Fugitive Methane Emissions From The Natural Gas Distribution Network Of Titas Gas And The Environmental Risks
Free (open access)
137 - 148
P. C. Mandal, S. Chowdhury, S. M. Morshed
The pipeline quality natural gas of Titas Gas (TG) contains approximately 96.12% (mol/mol) methane. Fugitive emissions are unintentional leaks emitted from sealed surfaces or leaks from underground pipelines resulting from corrosion or faulty connections. Methane is a potent greenhouse gas effect next to carbon dioxide. Reducing methane emission is an essential step toward reducing global warming. Inventory data on methane emission from natural gas transmission and distribution system of TG is absent in open literature. The objective of this paper is to explore the problems generated by gas leaks and to quantify the leaked methane gas from the above-ground facilities of the existing system of TG. Economic and environmental impacts for such fugitive emissions are also critically examined. In this study, leaks were detected using soap screening techniques and the Gasurveyor 500 series instrument. Leaked gas was quantified using either the Hi-Flow gas sampler or a bagging measurements system. The results show that approximately 2.1% of the purchased gas is leaked from the above-ground facilities of TG. Total estimated emission is approximately 4.214 MMTCO2e per year that is approximately 4.74% of the total amount of methane emission from human activities and industrial methane production in Bangladesh during the year 2000. TG can save approximately USD 14.67 million per year by stopping these emissions. It is now a vital issue for TG to seize gas leakages for attaining the international standard of climate mitigation as well as upholding the image of TG.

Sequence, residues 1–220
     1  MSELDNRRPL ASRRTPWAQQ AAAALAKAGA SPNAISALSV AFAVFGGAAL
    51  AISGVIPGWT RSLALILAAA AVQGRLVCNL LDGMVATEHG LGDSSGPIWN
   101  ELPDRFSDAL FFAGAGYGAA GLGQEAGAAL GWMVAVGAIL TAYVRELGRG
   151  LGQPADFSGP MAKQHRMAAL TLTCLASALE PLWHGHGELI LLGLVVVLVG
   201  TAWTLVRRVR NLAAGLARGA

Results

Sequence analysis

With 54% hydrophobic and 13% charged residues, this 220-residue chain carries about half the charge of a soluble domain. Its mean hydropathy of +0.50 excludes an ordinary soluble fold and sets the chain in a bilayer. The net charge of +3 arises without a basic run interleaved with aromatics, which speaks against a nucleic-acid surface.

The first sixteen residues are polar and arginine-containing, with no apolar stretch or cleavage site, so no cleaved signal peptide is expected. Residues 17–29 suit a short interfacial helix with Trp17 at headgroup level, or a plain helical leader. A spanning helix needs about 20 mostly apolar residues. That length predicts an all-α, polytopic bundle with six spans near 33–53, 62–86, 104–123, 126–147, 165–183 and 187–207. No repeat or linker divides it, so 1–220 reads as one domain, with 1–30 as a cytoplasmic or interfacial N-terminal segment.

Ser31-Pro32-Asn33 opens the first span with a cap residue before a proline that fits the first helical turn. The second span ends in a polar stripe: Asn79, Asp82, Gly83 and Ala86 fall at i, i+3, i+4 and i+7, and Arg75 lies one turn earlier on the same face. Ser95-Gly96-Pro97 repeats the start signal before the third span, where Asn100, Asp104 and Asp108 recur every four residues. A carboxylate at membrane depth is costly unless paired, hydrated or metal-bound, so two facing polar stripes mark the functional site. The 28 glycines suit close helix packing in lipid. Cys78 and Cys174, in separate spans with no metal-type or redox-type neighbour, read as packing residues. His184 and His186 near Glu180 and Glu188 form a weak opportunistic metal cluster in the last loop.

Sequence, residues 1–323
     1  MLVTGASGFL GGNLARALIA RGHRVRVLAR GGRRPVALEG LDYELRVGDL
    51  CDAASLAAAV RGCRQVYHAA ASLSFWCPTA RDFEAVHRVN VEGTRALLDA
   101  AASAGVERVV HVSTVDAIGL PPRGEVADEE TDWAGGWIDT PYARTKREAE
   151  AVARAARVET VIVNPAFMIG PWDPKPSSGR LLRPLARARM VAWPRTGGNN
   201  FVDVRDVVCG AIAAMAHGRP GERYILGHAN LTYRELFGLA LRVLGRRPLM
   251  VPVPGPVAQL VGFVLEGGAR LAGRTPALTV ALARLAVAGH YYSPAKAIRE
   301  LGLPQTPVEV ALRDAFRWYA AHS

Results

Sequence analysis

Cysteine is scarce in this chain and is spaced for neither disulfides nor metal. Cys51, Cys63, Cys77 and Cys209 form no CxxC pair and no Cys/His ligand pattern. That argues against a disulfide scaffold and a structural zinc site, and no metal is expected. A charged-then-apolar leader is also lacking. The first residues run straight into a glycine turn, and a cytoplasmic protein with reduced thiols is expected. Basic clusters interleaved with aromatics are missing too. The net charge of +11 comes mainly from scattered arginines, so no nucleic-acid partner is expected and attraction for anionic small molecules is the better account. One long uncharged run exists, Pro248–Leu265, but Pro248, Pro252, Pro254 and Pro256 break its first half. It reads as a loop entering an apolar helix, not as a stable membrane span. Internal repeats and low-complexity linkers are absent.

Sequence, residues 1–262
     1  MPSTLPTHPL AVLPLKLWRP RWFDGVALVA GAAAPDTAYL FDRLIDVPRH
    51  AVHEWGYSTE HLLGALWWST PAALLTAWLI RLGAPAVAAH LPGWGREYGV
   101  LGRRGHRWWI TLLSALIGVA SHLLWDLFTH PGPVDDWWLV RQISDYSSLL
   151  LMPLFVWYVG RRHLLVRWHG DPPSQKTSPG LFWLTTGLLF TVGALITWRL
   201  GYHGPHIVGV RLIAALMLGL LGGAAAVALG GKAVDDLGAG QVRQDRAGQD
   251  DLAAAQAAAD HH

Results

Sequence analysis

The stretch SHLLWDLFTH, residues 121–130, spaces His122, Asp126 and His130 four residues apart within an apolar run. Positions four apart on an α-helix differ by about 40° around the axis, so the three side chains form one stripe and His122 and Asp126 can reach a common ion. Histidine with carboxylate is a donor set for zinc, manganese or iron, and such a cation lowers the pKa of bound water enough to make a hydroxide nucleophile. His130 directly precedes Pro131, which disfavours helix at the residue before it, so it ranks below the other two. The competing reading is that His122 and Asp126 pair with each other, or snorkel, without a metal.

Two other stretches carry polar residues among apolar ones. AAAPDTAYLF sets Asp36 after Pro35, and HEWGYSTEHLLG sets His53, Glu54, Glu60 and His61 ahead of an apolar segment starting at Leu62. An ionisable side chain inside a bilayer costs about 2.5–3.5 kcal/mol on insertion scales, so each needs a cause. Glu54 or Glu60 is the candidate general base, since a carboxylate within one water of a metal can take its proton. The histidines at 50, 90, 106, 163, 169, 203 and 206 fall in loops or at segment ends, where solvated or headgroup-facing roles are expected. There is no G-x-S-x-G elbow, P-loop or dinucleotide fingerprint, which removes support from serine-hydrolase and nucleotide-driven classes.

methane emission, gas leak, greenhouse effect, global warming, climate mitigation